Rufus at Grad Student Madness:

But, again, I’m not worried that the stupid asshat with the “blood of tyrants” poster is going to get a few shots off, or even try to. I’d be willing to bet money that none of the geeks showing off their guns at these rallies will try to use them. There have been a good number of assassinations in American history, but they were never done by people who came in telegraphing “Look at me! I’ve got a gun! Ask me about Ron Paul!”

More McArdle:

A lot of commenters seem sure that having a legal gun around substantially increases the likelihood that someone will, in a moment of rage, shoot someone–so sure that they are clearly convinced I am a lunatic for even suggesting otherwise.  I understand the intuition, and maybe it’s right.  But the evidence for the proposition is not all that strong.

First of all, as it shows in the articles I linked earlier, something like 90% of homicides are committed by people with criminal records, i.e. people who probably cannot legally own a gun. A lot of the rest are committed by juveniles, or mentally unstable people, who also cannot legally own a gun.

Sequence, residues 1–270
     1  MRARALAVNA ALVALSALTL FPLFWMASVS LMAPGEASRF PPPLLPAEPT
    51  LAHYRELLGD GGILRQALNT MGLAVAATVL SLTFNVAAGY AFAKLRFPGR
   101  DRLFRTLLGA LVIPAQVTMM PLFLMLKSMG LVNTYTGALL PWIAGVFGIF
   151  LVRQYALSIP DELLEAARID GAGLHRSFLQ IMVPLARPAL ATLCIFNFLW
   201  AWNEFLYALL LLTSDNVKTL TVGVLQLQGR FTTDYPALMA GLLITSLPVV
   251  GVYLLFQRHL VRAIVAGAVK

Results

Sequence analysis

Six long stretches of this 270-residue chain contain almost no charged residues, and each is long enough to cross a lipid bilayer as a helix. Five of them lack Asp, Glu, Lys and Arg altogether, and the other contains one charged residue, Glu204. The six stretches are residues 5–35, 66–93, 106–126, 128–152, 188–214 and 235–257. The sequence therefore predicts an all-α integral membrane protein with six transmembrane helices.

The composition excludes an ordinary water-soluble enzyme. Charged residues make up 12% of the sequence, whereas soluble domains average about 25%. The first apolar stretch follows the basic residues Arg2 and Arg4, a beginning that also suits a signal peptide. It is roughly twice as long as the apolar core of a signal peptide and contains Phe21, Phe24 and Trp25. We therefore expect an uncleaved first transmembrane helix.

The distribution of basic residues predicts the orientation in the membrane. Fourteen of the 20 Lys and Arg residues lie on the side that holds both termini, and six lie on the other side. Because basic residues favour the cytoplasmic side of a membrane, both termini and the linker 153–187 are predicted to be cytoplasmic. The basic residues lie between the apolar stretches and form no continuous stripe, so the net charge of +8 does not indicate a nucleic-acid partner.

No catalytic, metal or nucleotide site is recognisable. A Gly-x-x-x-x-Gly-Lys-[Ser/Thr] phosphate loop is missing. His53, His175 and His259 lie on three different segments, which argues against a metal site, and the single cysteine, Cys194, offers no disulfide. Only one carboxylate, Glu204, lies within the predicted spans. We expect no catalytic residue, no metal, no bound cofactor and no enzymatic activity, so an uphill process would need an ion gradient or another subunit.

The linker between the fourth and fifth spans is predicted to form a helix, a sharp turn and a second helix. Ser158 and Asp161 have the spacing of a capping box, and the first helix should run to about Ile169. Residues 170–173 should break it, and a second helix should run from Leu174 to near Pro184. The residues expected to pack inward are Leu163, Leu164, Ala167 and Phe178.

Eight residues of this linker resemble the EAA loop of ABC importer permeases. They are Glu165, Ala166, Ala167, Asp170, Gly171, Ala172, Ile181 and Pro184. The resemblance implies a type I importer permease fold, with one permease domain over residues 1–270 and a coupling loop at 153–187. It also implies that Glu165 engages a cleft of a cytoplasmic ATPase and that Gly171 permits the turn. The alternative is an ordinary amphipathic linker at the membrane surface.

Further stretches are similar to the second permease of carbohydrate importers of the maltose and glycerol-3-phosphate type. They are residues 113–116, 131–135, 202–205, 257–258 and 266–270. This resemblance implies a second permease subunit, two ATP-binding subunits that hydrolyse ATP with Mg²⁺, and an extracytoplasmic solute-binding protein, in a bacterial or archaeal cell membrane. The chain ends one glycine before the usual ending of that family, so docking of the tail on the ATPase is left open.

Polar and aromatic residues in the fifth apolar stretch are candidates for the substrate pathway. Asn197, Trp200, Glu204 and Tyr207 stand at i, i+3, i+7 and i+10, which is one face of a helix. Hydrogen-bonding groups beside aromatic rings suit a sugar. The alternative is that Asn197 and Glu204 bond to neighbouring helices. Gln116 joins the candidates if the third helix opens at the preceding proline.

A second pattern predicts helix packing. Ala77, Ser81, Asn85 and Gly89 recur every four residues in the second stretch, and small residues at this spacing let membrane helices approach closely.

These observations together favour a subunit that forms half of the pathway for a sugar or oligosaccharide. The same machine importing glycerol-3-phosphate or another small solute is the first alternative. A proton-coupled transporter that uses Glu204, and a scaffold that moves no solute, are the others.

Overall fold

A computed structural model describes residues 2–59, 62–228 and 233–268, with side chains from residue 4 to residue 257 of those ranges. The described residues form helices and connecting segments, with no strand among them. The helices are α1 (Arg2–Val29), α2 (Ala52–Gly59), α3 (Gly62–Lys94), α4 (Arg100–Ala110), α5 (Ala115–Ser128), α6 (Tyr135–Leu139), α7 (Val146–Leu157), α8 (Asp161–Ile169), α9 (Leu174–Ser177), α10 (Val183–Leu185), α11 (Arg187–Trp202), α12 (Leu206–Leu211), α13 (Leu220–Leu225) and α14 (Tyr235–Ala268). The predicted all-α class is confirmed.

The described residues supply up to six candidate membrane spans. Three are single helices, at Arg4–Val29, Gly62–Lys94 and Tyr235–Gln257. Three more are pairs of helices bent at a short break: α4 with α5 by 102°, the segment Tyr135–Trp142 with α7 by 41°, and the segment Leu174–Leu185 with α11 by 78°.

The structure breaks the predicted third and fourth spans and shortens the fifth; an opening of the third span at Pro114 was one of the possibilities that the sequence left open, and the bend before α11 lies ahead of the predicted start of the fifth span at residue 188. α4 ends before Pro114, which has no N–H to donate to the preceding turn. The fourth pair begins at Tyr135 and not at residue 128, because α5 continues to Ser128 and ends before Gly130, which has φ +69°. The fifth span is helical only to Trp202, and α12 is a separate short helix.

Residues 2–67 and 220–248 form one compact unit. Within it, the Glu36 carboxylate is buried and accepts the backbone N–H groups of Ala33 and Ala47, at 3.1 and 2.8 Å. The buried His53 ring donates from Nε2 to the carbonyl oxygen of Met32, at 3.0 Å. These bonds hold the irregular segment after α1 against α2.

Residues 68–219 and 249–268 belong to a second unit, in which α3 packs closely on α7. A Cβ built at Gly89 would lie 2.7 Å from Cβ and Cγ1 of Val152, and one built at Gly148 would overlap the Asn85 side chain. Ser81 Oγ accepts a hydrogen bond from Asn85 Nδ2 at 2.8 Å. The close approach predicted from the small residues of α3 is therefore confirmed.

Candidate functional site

It is perfectly true that adding a gun to a dispute involving violent criminals increases the likelihood that someone will be shot.  But violent criminals are not like the rest of us.  They have very poor impulse control, and, well, a demonstrated willingness to use violence.  They also are not likely to apply for a permit before packing heat.

Murder is not something that usually just happens, even among family members.  The people who do it are usually abnormal in some way, and it shows.  For all the fears that allowing concealed carry would lead to murderous road rage and bar fights, these incidents have failed to materialize.  I have managed to find one murder in Florida that was even arguably the result of having a gun available in a heated moment–the few others were either clearly premeditated, or involved a weapon other than a handgun.  Given how small the number is, as far as I can determine, the good done by defensive uses of concealed weapons would virtually have to outweigh the harm, since several concealed carry holders have stopped violent crimes.

UPDATE: Jason Zengerle: